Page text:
Odot freight modeling
Download
1 / 51

ODOT Freight Modeling - PowerPoint PPT Presentation


  • 134 Views
  • Uploaded on

ODOT Freight Modeling. Presented to the Ohio Conference on Freight Toledo, OH September 18, 2007 By Gregory Giaimo, PE Ohio Department of Transportation. Context of Freight Modeling at State DOT’s. Part of a larger statewide passenger and freight model

loader
I am the owner, or an agent authorized to act on behalf of the owner, of the copyrighted work described.
capcha
Download Presentation

PowerPoint Slideshow about ' ODOT Freight Modeling' - reuel


An Image/Link below is provided (as is) to download presentation

Download Policy: Content on the Website is provided to you AS IS for your information and personal use and may not be sold / licensed / shared on other websites without getting consent from its author.While downloading, if for some reason you are not able to download a presentation, the publisher may have deleted the file from their server.


- - - - - - - - - - - - - - - - - - - - - - - - - - E N D - - - - - - - - - - - - - - - - - - - - - - - - - -
Presentation Transcript
Odot freight modeling

ODOT Freight Modeling

Presented to the Ohio Conference on Freight

Toledo, OH

September 18, 2007

By

Gregory Giaimo, PE

Ohio Department of Transportation


Context of freight modeling at state dot s
Context of Freight Modeling at State DOT’s

  • Part of a larger statewide passenger and freight model

  • Developed primarily to study intercity highway corridors

  • Prior to 1990’s, very few such models due to lack of computers and methods

  • Since then about half the states have developed or are developing models


Statewide model status
Statewide Model Status

Source: NCHRP Synthesis 358, Statewide Travel Forecasting Models


Freight model types
Freight Model Types

  • Freight modeling is handled in one of four ways by state DOT models

  • None

  • Traditional “4 Step” Techniques

  • Commodity Based

  • Integrated Land Use/ Economic/ Commodity Based



Statewide models with no freight component
Statewide Models with No Freight Component Demand Modeling – A Peer Exchange

  • Some small states have models exactly analogous to urban passenger travel demand models with no freight model


Commodity based models
Commodity Based Models Demand Modeling – A Peer Exchange

  • This approach models commodity flows

  • These flows are then converted to trucks, trains etc., generally using static mode and payload factors by commodity

  • This is the most common approach


Commodity based models cont
Commodity Based Models (cont.) Demand Modeling – A Peer Exchange

  • Obtain their commodity flow data from the Commodity Flow Survey or the Transearch database

  • The Vehicle Inventory and Use survey is often used to develop payload factors


Integrated land use economic commodity models
Integrated Land Use/ Economic/ Commodity Models Demand Modeling – A Peer Exchange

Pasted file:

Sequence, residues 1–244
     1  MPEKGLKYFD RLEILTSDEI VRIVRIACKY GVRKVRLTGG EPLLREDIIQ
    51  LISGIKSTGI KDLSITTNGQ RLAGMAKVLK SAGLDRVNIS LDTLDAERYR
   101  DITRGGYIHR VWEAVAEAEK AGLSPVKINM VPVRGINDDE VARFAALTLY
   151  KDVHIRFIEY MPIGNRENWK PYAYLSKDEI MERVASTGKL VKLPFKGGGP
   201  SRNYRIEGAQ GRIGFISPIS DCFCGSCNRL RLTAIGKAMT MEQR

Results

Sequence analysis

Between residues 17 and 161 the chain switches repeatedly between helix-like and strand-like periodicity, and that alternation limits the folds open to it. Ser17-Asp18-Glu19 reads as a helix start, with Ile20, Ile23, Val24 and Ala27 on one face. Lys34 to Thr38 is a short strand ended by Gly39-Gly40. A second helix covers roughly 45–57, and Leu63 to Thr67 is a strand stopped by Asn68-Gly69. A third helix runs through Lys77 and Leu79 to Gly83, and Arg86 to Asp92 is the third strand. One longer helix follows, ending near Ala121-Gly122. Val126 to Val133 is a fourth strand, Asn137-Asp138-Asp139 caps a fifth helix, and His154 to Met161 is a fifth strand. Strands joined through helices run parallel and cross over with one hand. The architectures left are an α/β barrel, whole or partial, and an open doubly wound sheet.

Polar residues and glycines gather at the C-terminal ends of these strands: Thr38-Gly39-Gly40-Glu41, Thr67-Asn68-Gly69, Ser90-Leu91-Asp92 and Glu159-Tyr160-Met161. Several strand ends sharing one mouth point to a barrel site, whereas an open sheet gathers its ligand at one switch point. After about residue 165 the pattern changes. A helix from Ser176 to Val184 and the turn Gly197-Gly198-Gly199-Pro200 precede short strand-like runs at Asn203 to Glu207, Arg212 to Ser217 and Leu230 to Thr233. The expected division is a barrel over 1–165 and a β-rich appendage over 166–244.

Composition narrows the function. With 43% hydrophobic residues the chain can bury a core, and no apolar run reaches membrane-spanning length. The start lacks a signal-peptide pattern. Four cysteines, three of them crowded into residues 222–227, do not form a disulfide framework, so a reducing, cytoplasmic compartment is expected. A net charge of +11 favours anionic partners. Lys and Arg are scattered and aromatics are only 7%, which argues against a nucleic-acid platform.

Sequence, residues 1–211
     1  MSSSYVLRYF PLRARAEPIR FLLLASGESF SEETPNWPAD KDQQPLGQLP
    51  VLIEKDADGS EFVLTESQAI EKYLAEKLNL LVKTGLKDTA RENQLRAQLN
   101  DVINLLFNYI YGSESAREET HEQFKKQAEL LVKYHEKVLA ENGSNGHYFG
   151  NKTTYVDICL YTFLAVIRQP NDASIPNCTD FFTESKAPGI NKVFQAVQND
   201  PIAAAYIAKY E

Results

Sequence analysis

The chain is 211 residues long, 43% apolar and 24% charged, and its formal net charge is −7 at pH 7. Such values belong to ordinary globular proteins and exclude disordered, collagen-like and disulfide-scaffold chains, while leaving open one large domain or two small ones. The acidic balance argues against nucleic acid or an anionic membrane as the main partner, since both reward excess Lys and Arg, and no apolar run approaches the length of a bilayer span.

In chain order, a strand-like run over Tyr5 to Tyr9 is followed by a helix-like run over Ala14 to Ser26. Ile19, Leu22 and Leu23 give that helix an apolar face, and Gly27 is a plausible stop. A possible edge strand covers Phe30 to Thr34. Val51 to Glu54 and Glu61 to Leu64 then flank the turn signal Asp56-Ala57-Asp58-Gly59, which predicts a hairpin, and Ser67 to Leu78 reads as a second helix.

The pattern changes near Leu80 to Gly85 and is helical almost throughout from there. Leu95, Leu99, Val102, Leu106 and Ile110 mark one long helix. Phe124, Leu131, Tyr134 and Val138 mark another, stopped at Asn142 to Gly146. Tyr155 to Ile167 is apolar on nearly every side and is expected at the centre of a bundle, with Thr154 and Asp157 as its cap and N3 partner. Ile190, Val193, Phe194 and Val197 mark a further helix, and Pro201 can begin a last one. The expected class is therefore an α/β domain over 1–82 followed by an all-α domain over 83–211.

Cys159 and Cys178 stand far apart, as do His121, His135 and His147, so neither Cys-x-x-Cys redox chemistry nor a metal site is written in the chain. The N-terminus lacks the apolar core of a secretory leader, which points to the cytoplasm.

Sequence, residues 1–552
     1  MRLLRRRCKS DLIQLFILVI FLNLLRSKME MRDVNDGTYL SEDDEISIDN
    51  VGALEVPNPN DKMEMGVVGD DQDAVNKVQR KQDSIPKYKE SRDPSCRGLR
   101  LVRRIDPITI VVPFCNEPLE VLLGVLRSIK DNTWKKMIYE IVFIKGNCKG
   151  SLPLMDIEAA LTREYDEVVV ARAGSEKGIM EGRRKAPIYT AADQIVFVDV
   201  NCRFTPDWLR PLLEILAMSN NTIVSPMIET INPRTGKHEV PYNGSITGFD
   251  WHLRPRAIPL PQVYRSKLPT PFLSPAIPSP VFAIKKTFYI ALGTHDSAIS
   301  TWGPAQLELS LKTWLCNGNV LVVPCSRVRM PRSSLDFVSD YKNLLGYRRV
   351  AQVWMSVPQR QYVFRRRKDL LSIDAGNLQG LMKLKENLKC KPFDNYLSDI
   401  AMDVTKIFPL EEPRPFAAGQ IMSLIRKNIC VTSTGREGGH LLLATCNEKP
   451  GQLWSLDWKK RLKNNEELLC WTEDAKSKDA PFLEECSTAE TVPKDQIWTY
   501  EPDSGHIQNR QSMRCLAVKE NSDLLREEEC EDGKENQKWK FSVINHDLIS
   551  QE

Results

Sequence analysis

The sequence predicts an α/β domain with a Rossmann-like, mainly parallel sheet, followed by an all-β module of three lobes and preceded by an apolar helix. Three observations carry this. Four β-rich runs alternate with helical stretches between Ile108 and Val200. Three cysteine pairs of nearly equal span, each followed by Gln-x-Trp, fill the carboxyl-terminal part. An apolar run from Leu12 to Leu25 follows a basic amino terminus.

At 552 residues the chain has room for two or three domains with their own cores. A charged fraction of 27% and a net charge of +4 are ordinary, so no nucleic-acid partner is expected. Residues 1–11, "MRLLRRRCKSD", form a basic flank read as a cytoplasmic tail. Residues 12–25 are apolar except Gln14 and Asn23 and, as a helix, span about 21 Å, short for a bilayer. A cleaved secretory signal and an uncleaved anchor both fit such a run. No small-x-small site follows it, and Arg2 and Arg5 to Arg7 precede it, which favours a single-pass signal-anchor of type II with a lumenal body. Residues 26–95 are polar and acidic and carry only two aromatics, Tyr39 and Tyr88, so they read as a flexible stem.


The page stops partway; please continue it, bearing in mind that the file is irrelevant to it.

• This approach also models commodity flows

  • The main difference from the previous type is the explicit econometric and land use models which feed commodity flows to the transport models

  • Thus base year commodity flows are used to estimate these economic models instead of as direct model inputs


Ohio model
Ohio Model Demand Modeling – A Peer Exchange

  • The five components directly related to the creation of freight flows will be hi-lighted:

  • Interregional Economic Model

  • Land Use Model

  • Activity Allocation Model

  • Aggregate Commercial Vehicle Model

  • Disaggregate Commercial Vehicle Model


Ohio integrated land use economic transport model
Ohio Integrated Land Use/Economic/Transport Model Demand Modeling – A Peer Exchange

Interregional Economic Model

Aggregate Demographic Model

Activity Allocation Model

Land Development Model

Disaggregate Household Synthesis and Employment Spatial Disaggregation Models

Aggregate Commercial Vehicle Model

Disaggregate Commercial Vehicle Model

Short Distance Travel Model

Long Distance Travel Model

Visitor Model

Assignment Model


Model modules
Model Modules Demand Modeling – A Peer Exchange

  • Interregional economic modelof production & consumption by economic sector reflecting national forecasts

  • Demographic model tied to economic activity reflecting migration and changes in population & household composition

  • Activity allocation model to distribute model area economic and demographic forecasts to analysis zones with the related flows of goods & labor among zones from which travel demands are derived

  • Land development model simulating developer behavior in response to demands & costs consistent with other development constraints

  • Personal & household travel model reflecting person & household characteristics, zonal characteristics, inter-zonal economic flows & transport system supply characteristics, 2 components: short distance which looks like an activity/tour based urban area model and long distance, also tour based with purposes: business, recreation, other


Model modules1
Model Modules Demand Modeling – A Peer Exchange

  • Aggregate model of goods and services transport arising from economic and demographic activity by zone very similar to the typical DOT commodity based transport model

  • Disaggregate model of business-related person travel related to management functions, sales & support activities, provision of services and some short distance goods delivery.

  • Model of visitor travel within and into the model area made by non-residents

  • Transport system supply model incorporating air, intercity bus/rail, MPO transit & roadway networks with their corresponding level-of-service characteristics


Highway network
Highway Network Demand Modeling – A Peer Exchange


Rail network intermodals
Rail Network & Intermodals Demand Modeling – A Peer Exchange


Interregional economic model
Interregional Economic Model Demand Modeling – A Peer Exchange

  • Establishes forecast flows of goods, services and labor (in $) between 14 regions of North America

  • Uses exogenous national economic conditions and production composite utilities from the previous time step of the lower level models

  • An inter-regional social accounting matrix based primarily upon IMPLAN data


Exogenous economic indicators
Exogenous Economic Indicators Demand Modeling – A Peer Exchange